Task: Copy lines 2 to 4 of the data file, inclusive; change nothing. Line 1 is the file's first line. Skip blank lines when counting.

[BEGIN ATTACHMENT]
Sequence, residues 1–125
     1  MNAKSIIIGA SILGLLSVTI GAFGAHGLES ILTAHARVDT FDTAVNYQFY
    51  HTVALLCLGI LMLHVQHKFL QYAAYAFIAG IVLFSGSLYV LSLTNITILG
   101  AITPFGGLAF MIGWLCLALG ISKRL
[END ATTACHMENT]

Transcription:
     1  MNAKSIIIGA SILGLLSVTI GAFGAHGLES ILTAHARVDT FDTAVNYQFY
    51  HTVALLCLGI LMLHVQHKFL QYAAYAFIAG IVLFSGSLYV LSLTNITILG
   101  AITPFGGLAF MIGWLCLALG ISKRL